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Israel boycott restrictions thrown out by UK’s High Court

Israel boycott restrictions thrown out by UK’s High Court




Campaigners call for the right to boycott Israel and other human-rights abusers.

PSC

The High Court in London ruled on Thursday that the Conservative government acted unlawfully in trying to prevent local councils in the United Kingdom from divesting from firms involved in Israel’s military occupation.

The successful legal challenge for the right to boycott was brought by the Palestine Solidarity Campaign in March, and was supported by War on Want, the Campaign Against the Arms Trade and the Quakers.

”We couldn’t be happier that this right has been upheld by the court,” said PSC Director Ben Jamal.

Recent UK polling showed that two in five people consider BDS – boycott, divestment and sanctions – a reasonable Palestinian response to Israel’s crimes.

“Today is a victory for Palestine, for local democracy and for the rule of law,” PSC Chair Hugh Lanning said. “Absolutely everyone has a right to peacefully protest Israel’s violation of Palestinian human rights.”

In a judicial review published on Thursday, judge Ross Cranston overturned part of a guidance document issued in September by local government minister Sajid Javid.

The court ruled that the government had acted improperly by seeking to use pension law to pursue its own foreign and arms industry policy.

Freedom to protest

Jamie Potter, one of PSC’s lawyers, said, “this outcome is a reminder to the government that it cannot improperly interfere in the exercise of freedom of conscience and protest in order to pursue its own agenda.”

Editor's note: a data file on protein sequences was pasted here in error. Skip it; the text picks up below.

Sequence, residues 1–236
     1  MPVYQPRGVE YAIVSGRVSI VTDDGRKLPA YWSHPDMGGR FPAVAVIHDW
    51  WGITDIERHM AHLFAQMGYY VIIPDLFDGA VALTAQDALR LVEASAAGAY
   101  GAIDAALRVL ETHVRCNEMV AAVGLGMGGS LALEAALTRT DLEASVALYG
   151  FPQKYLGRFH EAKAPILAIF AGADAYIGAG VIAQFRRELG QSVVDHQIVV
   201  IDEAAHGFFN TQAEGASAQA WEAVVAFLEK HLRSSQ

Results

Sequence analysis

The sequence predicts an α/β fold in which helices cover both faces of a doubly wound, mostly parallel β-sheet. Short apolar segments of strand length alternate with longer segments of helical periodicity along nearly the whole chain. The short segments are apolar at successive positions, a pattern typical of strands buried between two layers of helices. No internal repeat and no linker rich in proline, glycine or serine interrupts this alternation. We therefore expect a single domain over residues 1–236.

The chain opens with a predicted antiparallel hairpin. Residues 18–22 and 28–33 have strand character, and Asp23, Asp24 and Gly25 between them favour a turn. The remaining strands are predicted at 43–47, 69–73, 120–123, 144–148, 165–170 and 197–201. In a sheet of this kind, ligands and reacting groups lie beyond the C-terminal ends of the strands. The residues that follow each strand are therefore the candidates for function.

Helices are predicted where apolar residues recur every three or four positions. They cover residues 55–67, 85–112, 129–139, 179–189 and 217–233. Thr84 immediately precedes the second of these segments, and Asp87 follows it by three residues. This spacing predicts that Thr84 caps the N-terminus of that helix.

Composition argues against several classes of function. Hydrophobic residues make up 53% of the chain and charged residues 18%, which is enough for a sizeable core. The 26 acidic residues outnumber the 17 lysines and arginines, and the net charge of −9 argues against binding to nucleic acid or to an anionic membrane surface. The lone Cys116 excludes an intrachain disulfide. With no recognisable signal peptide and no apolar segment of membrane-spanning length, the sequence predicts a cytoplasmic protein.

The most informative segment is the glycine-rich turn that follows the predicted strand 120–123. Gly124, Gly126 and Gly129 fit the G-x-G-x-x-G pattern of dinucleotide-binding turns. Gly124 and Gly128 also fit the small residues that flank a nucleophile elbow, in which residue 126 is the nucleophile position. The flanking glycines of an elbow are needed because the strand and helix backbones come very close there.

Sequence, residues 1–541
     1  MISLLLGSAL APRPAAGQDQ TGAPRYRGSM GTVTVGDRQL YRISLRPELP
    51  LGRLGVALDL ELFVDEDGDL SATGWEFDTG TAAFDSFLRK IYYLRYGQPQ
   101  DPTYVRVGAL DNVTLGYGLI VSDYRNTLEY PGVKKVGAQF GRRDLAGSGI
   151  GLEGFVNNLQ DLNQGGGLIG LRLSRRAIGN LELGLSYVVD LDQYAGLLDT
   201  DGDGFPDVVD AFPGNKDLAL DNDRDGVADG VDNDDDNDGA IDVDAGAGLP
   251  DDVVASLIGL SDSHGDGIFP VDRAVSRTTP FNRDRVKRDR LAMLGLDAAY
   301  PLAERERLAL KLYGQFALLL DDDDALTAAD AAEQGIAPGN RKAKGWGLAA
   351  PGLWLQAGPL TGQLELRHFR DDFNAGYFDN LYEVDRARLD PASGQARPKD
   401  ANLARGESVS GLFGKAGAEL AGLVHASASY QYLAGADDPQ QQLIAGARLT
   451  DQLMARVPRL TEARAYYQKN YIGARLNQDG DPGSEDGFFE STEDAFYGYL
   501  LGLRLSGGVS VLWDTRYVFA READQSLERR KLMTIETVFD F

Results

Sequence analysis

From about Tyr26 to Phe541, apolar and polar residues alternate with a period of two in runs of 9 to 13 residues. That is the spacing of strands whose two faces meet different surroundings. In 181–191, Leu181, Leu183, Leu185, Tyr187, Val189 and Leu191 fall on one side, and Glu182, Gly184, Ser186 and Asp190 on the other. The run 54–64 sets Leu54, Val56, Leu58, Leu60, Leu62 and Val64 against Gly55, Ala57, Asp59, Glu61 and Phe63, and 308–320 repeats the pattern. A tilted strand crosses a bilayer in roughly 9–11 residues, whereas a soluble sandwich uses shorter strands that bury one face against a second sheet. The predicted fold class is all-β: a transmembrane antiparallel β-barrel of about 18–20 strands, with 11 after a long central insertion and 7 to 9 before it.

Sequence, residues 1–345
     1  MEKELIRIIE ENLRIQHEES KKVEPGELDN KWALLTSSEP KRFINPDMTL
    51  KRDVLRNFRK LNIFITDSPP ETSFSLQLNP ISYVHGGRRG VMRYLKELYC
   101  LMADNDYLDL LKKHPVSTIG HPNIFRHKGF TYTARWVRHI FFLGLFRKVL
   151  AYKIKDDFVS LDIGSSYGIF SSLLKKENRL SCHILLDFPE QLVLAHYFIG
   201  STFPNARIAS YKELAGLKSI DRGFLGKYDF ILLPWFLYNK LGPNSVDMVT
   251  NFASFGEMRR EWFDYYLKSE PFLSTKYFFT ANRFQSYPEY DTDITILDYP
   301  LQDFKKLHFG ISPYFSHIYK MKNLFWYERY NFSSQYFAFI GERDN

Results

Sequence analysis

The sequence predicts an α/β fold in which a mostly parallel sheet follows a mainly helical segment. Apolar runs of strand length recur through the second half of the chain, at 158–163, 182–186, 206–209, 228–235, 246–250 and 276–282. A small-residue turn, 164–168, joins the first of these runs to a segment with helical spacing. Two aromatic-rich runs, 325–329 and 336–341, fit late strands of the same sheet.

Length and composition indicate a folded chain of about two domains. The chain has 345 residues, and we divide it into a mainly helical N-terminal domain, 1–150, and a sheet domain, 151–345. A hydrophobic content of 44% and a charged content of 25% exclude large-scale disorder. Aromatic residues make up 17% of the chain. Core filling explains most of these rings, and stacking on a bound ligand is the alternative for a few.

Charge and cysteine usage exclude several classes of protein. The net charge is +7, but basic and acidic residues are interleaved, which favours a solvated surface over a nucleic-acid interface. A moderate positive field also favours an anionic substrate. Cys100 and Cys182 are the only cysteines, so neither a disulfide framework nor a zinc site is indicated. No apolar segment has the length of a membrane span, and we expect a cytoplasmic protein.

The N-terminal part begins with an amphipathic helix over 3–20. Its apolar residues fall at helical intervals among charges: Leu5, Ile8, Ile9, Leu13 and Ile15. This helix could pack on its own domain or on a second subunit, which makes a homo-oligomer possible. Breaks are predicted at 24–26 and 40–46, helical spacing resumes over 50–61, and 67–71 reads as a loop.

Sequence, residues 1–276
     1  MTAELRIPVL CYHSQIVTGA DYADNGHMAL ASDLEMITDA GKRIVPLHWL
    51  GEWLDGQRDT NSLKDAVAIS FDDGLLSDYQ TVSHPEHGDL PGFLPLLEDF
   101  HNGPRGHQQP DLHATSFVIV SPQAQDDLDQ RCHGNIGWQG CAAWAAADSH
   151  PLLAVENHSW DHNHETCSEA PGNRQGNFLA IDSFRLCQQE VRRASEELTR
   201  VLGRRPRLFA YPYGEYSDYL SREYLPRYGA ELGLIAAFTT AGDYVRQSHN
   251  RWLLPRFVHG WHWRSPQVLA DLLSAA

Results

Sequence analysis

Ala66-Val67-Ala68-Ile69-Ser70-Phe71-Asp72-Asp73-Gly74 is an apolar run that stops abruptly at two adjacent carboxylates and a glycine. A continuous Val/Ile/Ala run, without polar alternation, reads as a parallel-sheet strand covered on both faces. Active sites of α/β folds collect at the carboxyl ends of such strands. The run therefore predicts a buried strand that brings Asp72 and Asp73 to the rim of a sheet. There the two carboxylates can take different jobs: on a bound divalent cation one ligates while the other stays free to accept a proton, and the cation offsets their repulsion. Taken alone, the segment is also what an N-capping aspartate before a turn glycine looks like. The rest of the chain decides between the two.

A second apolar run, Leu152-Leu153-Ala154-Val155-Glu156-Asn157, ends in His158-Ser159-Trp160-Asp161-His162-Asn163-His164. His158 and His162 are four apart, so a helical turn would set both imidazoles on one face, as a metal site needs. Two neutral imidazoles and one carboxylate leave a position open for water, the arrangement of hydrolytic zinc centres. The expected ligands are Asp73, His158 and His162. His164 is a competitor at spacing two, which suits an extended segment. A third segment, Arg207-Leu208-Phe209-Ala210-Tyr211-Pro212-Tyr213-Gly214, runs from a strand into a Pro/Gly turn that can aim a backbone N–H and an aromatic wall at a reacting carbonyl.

The full ruling can be read below.

The minister’s guidance had stated that local authorities must not use “pension policies to pursue boycotts, divestment and sanctions against foreign nations and UK defense industries … other than where formal legal sanctions, embargoes and restrictions have been put in place by the government.”

Although the document did not specifically name Israel, it was part of a series of measures, launched at a press conference in Jerusalem, explicitly intended to target BDS campaigners.

Although the government trailed it to the media as a “BDS ban,” legal analysis of the new documents showed there was nothing new in them “aside from some overblown rhetoric clearly intended to scare campaigners.”

BDS gets the goods

Local government bodies in the UK have for years been urged by Palestine solidarity campaigners to divest from companies that are involved in the Israeli occupation of the West Bank and Gaza.

French multinational Veolia withdrew from most Israeli businesses in 2015 after being the focus of a years-long BDS campaign.

Municipalities around the world had dropped it from contracts worth more than $14 billion, according to the BDS National Committee.

Veolia lost contracts with public bodies in London, Sheffield, Edinburgh, Canterbury, East Sussex and Winchester as a result of BDS campaigns.

Councils in Tower Hamlets, Leicester, Swansea and Bristol are among those that have passed resolutions in support of BDS or condemning companies involved in Israeli settlements in the occupied West Bank, which are illegal under international law.

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